A fine-grained analysis of the transcript of a Bangladeshi woman's lament is used to argue for an anthropology of "madness" that attends closely to performance and performativity. The emergent, interactive production of wept speech, together with the conflicting use to which it is put by the performer and her relatives, is linked problematically to performance genres and to ethnopsychiatric indexes of madness. Tuneful weeping is taken by relatives to be performative of madness, in a sense something like Austin's. Yet, exploration of the divergent linguistic ideologies which are brought to bear on the lament not only enables more nuanced ethnographic treatment but also has reflexive ramifications for medical and psychological anthropology. This leads to a critique of the referentialism in our own treatment of language. The role played by transparent reference is overshadowed by indexicality and by dialogical processes of proposing and resisting labels for speech genres attributed to the "mad.".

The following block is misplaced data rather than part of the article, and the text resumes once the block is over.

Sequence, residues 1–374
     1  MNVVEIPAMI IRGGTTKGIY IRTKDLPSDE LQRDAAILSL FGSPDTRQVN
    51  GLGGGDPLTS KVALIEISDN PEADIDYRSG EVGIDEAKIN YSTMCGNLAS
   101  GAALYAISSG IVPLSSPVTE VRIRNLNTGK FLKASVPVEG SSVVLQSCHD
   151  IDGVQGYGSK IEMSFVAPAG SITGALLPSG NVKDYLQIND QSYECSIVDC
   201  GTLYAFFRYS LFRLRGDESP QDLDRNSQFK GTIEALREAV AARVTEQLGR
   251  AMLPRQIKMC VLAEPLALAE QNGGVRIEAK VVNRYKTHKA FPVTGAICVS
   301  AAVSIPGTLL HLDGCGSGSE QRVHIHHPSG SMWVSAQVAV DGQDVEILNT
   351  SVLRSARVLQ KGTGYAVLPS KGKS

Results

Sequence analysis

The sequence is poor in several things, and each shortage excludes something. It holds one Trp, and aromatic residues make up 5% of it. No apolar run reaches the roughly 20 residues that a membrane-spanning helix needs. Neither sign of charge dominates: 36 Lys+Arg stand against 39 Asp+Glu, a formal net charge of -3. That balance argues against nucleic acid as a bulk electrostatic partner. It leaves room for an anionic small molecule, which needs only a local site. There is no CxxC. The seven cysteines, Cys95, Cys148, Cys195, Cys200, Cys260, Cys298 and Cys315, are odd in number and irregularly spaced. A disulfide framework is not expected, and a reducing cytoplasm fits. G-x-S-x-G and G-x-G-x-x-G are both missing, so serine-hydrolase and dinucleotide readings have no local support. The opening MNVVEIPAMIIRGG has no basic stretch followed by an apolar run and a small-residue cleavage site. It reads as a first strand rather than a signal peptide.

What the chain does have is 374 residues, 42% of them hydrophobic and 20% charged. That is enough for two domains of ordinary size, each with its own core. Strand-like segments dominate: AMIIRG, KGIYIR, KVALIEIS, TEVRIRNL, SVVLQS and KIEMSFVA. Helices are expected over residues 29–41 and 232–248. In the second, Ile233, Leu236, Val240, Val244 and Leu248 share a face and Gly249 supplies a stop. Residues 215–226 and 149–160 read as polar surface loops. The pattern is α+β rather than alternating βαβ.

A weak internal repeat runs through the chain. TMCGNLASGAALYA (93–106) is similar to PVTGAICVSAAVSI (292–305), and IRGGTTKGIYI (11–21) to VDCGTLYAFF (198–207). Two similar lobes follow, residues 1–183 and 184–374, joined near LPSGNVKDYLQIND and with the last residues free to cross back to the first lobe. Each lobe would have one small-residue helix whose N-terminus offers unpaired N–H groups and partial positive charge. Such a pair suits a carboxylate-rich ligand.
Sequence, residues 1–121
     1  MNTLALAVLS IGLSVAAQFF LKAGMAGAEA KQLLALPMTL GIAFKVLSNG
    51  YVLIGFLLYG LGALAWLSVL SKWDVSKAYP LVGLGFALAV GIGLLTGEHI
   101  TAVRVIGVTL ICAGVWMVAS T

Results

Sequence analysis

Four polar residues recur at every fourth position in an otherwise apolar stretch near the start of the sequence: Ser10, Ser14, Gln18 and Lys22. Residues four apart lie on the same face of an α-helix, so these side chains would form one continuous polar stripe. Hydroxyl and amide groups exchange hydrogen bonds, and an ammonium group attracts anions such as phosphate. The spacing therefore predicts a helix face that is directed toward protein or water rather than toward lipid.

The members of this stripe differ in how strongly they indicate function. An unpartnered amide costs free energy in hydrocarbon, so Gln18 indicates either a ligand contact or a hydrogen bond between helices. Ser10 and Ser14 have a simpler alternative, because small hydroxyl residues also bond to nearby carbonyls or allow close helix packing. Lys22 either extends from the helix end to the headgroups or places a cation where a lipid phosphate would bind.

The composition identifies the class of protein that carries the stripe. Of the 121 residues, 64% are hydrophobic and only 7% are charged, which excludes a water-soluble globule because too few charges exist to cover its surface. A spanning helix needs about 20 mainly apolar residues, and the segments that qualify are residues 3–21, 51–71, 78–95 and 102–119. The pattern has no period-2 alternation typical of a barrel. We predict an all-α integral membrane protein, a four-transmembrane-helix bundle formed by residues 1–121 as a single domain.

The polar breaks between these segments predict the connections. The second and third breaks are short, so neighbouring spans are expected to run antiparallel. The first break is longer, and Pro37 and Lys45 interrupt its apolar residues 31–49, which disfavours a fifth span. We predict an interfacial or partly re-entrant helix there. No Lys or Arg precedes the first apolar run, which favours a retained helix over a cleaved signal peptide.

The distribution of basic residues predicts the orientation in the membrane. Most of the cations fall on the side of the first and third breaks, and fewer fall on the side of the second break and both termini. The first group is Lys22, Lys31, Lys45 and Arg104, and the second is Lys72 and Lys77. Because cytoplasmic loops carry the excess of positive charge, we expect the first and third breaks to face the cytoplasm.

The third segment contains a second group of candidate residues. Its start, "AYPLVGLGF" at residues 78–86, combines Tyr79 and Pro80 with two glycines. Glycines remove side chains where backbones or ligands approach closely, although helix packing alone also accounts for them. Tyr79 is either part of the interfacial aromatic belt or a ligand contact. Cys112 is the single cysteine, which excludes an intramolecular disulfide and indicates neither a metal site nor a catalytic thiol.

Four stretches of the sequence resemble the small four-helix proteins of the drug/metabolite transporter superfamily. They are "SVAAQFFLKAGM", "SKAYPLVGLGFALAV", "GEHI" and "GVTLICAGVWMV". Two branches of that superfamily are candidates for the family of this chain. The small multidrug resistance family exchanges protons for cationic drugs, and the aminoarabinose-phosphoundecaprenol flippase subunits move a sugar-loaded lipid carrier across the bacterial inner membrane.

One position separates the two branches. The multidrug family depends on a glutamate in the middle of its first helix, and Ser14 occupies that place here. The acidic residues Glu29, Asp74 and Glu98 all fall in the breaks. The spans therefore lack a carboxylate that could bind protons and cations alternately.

ASJC Scopus subject areas
- Health(social science)
- Arts and Humanities (miscellaneous)
- Psychiatry and Mental health